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Childhood Vaccinations—Vital to Our Children’s Health

February 16, 2017

People turn to complementary and integrative health approaches to seek better health and well-being. Several studies have found an association between use of complementary health approaches and positive health behaviors such as getting regular exercise, not using tobacco products, and following a healthy diet. Use of these approaches also has been associated with higher rates of vaccination for influenza, pneumococcus, and hepatitis B among adults. Unfortunately, however, this may not be the case for vaccinations in children.

A 2010 NCCIH-funded study in the Maternal and Child Health Journal showed that children in Washington State who received care from complementary health providers were substantially less likely to get recommended immunizations and were more likely to be diagnosed with a vaccine-preventable disease. The investigators note that their findings do not provide an explanation for the association. It is possible that the study’s results reflect a tendency of some vaccine-hesitant parents to seek out complementary health professionals, but it might also reflect advice from these providers, or there may be another explanation. Nonetheless, as a physician and Director of NCCIH, I find these results troubling.

It is very difficult for most Americans to remember that polio and diphtheria regularly killed or permanently injured thousands of people in the United States every year, as recently as the last century. In fact, polio has been eradicated in the United States and diphtheria is very rare because of vaccinations. However, these diseases have not yet been eliminated worldwide and could easily return to the United States. The Washington State study is especially troubling in light of reports from the Centers for Disease Control and Prevention (CDC) that there has been a resurgence of certain vaccine-preventable diseases in the United States in recent years. There is a concern about the return of both measles and whooping cough. Since 2010, the CDC has seen between 10,000 and 50,000 cases of whooping cough each year in the United States, with cases reported in every state.

There continues to be a lot of misinformation about vaccine safety on the Internet and elsewhere, and I encourage you to get the facts about vaccines. The CDC has reliable information on vaccines, based on scientific studies, and addresses questions about vaccine-preventable diseases, how vaccines work in the body, and safety concerns. The bottom line is that that vaccination is one of the best ways parents can protect infants, children and teens from 16 potentially harmful diseases. Vaccine-preventable diseases can be very serious, may require hospitalization, or even be deadly - especially in infants and young children. I fully support the CDC’s current evidence-based recommendations for pediatric vaccinations, and I urge parents to safeguard their children by following these recommendations. I also urge all health care provider organizations—including complementary health organizations—to raise vaccine awareness among their members, and enlist them in efforts to help increase adherence to childhood vaccinations.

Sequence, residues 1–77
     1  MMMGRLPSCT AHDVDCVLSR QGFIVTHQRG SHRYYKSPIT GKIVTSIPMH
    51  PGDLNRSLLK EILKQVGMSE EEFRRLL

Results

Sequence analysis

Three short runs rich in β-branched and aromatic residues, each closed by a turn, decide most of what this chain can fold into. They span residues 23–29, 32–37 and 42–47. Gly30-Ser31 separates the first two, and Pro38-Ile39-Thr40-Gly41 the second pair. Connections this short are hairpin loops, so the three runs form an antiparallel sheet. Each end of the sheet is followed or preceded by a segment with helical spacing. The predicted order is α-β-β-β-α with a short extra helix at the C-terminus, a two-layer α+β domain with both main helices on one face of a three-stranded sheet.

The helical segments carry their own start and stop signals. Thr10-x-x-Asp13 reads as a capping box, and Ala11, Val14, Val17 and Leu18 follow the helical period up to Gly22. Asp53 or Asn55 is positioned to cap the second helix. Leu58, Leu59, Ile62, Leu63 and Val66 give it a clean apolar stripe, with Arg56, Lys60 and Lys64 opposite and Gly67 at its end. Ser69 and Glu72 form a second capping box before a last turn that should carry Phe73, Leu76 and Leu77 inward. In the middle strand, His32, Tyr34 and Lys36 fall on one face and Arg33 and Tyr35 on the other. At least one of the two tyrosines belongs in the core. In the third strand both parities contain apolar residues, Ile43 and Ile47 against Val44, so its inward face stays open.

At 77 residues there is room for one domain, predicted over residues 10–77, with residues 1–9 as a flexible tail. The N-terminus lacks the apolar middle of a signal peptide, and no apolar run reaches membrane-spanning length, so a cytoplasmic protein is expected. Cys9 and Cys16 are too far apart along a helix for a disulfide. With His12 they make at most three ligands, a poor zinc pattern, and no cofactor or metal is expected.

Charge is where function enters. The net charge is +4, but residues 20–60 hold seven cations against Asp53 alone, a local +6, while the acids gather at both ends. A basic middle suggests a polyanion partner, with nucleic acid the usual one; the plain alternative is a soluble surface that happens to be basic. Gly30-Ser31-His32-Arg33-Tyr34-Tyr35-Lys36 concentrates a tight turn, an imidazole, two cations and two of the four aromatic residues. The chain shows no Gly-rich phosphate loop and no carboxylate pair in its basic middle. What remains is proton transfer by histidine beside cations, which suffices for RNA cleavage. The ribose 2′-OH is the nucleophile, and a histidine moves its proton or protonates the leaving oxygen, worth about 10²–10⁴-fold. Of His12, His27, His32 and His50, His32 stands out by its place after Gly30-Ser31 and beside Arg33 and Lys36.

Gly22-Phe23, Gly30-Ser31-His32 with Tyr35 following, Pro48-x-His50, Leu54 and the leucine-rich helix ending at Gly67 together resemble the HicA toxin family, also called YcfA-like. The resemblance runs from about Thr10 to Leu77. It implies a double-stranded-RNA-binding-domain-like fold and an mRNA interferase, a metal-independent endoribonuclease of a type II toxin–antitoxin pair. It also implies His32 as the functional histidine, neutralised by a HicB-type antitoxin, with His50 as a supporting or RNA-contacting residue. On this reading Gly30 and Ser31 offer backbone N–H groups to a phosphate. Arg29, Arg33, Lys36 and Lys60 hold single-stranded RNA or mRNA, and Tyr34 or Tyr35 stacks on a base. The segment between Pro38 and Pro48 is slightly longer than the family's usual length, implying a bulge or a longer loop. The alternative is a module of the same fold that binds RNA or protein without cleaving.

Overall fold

It is essential that we recognize the extraordinary success of childhood vaccination, and that we look to the abundant scientific evidence that documents the safety and vital role of vaccines in the health of our Nation.

Selected References

  • Downey L, Tyree PT, Huebner CE, et al. Pediatric vaccination and vaccine-preventable disease acquisition: associations with care by complementary and alternative medicine providers. Maternal and Child Health Journal.
  • Nahin RL, Dahlhamer JM, Taylor BL, et al.. Health behaviors and risk factors in those who use complementary and alternative medicine. BMC Public Health.
  • Stokley S, Cullen KA, Kennedy A, et al. Adult vaccination coverage levels among users of complementary/alternative medicine-results from the 2002 National Health Interview Survey (NHIS). BMC Complementary and Alternative Medicine.

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This page last modified February 21, 2017